Effectiveness of computer-assisted guidance for tobacco dependence in dental offices
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Tobacco use is an etiologic factor for multiple diseases, including periodontal disease and oral cancers. Current evidence suggests dental providers ask about tobacco use but don't assist the patient in tobacco cessation. Approaches that involve Screening for drug use, Brief Intervention, and Referral to Treatment (SBIRT) provide a promising, practical solution. This project examines whether dentists and hygienists will assess interest in quitting, deliver a brief tobacco intervention and refer to a tobacco quitline more frequently when provided with computer assisted guidance compared to a control group.
This study is a blocked, group-randomized trial in which the HPDG dental clinics are the unit of randomization and patients nested within each randomized clinic represent the lowest level unit of observation.
All clinics assess tobacco use including type and amount, dependency questions and interest in quitting. The intervention clinics included the intervention that provided suggested scripts for the provider to use based on dependency, prior attempts and interest in quitting. Primary outcomes were patient reports of the provider assessing interest in quitting, delivering a brief intervention and referring to a quitline. The outcome measure came from a random sample of smokers surveyed by phone 1-3 days after the dental appointment. Electronic data recorded by providers in the electronic dental record was also examined.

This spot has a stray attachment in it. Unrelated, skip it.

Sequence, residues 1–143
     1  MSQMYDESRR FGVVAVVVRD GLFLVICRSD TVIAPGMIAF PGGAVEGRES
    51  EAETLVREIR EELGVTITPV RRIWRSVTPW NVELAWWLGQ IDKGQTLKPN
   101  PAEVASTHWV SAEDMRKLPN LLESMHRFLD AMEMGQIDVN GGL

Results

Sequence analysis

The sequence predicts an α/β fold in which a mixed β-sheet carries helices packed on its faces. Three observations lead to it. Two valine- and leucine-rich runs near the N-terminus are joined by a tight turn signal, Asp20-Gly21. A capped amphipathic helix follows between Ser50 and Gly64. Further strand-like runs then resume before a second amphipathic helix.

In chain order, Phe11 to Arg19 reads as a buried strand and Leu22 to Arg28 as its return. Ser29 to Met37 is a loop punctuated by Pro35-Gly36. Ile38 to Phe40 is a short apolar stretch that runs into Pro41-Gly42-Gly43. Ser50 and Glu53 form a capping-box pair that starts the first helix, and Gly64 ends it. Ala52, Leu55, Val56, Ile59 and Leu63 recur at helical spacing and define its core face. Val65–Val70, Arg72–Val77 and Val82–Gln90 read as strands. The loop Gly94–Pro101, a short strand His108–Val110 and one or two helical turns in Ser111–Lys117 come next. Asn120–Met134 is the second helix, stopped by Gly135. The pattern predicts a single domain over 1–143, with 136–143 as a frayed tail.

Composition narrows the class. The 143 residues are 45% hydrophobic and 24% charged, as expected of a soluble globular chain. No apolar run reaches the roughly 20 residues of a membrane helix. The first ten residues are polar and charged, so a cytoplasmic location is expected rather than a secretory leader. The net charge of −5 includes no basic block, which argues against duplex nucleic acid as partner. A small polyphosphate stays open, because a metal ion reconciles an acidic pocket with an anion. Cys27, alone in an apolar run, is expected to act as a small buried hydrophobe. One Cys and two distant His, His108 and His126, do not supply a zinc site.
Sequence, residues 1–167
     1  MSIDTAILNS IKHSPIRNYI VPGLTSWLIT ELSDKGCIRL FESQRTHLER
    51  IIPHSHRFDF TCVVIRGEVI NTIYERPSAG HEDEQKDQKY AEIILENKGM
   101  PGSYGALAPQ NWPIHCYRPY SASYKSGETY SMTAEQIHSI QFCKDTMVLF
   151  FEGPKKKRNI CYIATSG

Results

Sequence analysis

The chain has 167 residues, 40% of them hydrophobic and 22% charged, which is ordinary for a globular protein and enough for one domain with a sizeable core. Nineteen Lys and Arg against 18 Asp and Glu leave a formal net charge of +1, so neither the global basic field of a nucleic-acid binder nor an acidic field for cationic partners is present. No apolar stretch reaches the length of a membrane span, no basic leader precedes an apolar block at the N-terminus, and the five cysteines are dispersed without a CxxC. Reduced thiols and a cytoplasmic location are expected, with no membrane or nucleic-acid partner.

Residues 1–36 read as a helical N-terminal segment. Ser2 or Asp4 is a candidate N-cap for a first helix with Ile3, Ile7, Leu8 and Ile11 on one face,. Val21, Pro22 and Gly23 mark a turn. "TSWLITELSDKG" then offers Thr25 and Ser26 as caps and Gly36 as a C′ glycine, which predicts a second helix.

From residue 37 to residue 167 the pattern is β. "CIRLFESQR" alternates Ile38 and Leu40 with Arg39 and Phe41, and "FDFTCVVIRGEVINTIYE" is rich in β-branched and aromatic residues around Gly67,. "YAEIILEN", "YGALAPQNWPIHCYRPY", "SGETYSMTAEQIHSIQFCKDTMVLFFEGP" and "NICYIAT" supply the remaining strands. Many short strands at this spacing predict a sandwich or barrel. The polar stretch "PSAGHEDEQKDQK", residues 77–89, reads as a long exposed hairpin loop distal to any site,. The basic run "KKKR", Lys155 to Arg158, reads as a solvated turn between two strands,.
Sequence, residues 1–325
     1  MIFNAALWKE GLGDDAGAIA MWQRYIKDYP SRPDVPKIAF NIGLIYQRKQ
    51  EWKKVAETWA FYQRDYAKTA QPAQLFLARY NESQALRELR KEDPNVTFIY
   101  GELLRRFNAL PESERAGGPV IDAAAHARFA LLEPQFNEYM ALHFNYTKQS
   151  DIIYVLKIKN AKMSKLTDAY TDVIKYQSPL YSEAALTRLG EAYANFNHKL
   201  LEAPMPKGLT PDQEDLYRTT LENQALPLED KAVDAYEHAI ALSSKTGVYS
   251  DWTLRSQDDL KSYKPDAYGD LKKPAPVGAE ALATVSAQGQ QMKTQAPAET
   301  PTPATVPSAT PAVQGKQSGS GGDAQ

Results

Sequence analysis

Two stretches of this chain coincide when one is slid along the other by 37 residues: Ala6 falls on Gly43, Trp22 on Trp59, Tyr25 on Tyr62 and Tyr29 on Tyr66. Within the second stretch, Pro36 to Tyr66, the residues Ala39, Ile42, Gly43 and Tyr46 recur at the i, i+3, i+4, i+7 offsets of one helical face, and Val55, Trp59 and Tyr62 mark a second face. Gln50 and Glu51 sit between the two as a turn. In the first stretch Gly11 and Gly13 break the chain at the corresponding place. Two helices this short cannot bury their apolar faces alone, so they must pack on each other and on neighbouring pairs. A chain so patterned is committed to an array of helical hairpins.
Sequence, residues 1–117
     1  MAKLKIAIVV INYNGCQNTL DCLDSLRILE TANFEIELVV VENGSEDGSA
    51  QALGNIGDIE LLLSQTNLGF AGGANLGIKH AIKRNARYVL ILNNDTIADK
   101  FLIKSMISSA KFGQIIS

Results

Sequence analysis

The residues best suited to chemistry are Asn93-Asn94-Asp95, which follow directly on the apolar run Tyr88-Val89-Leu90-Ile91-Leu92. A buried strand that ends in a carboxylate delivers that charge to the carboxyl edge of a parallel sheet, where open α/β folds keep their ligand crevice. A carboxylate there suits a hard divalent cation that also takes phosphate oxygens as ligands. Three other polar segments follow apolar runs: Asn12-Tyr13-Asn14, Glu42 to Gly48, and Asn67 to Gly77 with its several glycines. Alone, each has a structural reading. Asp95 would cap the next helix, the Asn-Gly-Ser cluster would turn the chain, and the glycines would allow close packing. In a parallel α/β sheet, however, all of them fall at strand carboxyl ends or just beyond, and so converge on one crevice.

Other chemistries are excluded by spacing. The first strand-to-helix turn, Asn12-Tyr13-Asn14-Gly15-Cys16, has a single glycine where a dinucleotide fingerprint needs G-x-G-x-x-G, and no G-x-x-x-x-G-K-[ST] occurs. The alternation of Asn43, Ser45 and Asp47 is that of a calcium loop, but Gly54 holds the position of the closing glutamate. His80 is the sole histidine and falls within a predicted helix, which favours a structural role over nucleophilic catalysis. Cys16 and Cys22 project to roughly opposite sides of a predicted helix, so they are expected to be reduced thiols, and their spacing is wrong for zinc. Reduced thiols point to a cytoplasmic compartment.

Dental providers assessed interest in quitting (control 71% vs. intervention 89%; p=.0001), discussed specific strategies for quitting (control 25% vs. intervention 48%; p=.003) and referred the patient to a tobacco quitline (control 17% vs. intervention 39%; p=.007).
Computer tools embedded within electronic health records can effectively assist providers in the delivery of tobacco interventions. This tool was developed with user-centered design principles increasing the likelihood of adoption by providers. This approach holds promise for translating current evidence into daily clinical practice.